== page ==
A 22-yard scamper from Javonte Williams would set up 1st-and-goal from the 3-yard line. When the running back punched it in two plays later, his head coach Mack Brown held up two fingers.
“I asked (offensive coordinator Phil Longo), ‘Do you have a play that you think is gonna be able to score, win the game and beat the number one team in the country?’” Brown said after the game. “And he said yes. And we ran it.”
Brown felt his team was worn down, that the Tigers were deeper and fresher, that if the game was to be won, it would be won then and there.
“I just felt like it was our chance,” he said.
“It’s just a play we’re very confident in,” Howell said. “In my opinion, it was a good play call. It’s something we liked against them. They just made a good play on defense.”
The play in question would see Howell pull the ball and roll out to his right after a read option, then decide to take it himself when he didn’t like what he saw. Before he could reach paydirt, he was swarmed by more than a couple Clemson defenders, and receiver Dazz Newsome’s last-ditch effort to scoop up the loose ball and find the end zone was to no avail.
Football is a game of inches, etc., etc. But to safety Myles Dorn’s point, to boil 60 minutes down to a single play would be to oversimplify what actually happened.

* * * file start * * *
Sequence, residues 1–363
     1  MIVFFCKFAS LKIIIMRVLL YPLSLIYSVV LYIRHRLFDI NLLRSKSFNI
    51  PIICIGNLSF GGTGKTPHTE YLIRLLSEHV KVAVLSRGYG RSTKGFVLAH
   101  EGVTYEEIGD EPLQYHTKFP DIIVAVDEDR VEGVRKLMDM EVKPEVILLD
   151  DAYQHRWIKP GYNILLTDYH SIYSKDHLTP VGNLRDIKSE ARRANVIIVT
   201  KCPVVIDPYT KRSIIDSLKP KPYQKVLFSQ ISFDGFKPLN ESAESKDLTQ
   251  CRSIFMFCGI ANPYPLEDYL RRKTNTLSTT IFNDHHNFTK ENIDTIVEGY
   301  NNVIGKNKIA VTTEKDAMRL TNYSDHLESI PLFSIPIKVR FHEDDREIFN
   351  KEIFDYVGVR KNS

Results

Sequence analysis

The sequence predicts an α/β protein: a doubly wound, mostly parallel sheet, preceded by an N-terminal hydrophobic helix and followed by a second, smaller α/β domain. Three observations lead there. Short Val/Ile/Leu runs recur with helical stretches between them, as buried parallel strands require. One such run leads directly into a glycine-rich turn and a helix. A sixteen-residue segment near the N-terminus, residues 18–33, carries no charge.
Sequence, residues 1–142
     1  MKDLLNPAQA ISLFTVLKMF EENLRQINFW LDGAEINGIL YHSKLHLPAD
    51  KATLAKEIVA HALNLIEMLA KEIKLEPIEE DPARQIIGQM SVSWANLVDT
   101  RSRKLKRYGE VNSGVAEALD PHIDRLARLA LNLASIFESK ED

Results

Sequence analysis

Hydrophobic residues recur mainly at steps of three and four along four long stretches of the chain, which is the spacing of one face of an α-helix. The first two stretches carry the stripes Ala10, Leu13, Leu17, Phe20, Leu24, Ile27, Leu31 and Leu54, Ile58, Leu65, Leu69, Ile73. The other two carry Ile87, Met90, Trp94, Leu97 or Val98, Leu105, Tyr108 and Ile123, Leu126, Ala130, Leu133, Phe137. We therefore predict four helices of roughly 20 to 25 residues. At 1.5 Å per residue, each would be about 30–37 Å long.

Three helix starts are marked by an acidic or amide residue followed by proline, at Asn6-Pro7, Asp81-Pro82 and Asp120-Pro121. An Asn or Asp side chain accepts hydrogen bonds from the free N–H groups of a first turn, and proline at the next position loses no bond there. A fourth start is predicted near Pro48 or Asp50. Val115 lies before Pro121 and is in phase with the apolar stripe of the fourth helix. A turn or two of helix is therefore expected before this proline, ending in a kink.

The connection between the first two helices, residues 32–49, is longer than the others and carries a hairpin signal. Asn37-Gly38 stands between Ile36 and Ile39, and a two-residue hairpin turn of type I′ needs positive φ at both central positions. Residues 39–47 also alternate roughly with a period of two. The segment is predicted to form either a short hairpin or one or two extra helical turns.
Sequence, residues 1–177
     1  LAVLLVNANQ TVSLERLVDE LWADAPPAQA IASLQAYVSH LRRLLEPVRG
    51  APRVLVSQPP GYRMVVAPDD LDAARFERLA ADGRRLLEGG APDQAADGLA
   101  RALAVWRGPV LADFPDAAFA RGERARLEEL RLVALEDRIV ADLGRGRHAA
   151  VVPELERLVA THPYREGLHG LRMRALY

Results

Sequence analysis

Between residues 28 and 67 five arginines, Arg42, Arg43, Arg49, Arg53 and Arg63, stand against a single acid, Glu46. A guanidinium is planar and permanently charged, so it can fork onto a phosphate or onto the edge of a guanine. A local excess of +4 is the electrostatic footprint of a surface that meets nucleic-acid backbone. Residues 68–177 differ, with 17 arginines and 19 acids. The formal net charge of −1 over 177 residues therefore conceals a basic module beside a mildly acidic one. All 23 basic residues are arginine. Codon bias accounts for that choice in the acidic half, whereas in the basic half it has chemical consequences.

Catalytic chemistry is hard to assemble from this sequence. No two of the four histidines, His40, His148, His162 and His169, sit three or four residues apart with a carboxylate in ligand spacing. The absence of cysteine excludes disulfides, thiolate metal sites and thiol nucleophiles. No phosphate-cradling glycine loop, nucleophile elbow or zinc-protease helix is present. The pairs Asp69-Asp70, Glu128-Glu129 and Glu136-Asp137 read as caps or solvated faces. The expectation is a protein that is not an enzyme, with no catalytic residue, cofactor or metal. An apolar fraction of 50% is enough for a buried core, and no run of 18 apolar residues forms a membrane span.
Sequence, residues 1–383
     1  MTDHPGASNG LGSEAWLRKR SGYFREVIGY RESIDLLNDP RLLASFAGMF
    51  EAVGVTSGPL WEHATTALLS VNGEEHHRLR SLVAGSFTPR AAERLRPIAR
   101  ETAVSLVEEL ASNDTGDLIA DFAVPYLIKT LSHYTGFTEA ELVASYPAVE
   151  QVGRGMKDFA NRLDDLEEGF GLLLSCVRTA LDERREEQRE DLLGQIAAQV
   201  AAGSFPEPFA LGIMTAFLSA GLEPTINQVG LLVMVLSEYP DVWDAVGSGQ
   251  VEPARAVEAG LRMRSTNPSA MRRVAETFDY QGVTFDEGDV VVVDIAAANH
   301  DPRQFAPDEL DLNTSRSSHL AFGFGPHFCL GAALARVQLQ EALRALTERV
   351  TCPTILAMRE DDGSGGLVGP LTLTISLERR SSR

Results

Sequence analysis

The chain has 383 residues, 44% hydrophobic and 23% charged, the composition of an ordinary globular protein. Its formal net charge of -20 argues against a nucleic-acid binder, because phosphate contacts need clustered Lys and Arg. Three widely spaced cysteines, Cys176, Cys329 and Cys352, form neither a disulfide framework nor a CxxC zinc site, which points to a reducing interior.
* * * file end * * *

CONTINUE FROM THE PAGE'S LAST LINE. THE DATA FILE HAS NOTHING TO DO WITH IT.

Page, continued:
“You can say it was the last play that changed the game, but actually there’s so many plays throughout the day that could’ve changed the game,” Dorn said. “You never know which one it is.”
The point stands, though: North Carolina was one play — one tantalizing moment — from a win over No. 1. If the final touchdown drive was a slow and steady simmer — and an all-too-easy metaphor for the strides this year’s Tar Heels have made compared to seasons past — then the failed 2-point attempt was an electric jolt: a painful reminder of how sports can work.
“We’re having a different conversation if we’d made it,” Brown said. “You all are talking about me being a genius instead of an idiot. That’s the difference in two points.”
Again, cliches abound: the thrill of victory, the agony of defeat, etc., etc. But wins and losses aside, no UNC team of recent years could have pushed Clemson to the brink like this group just did.
And while Brown was insistent that the Tar Heels aren’t into moral victories — “That doesn’t happen,” he said, “it can’t happen” — he must also acknowledge the ways that his return has changed North Carolina football.
“If I’m a reflection of the way those guys fought their guts out tonight,” Brown said, “I’m very, very proud of that.”
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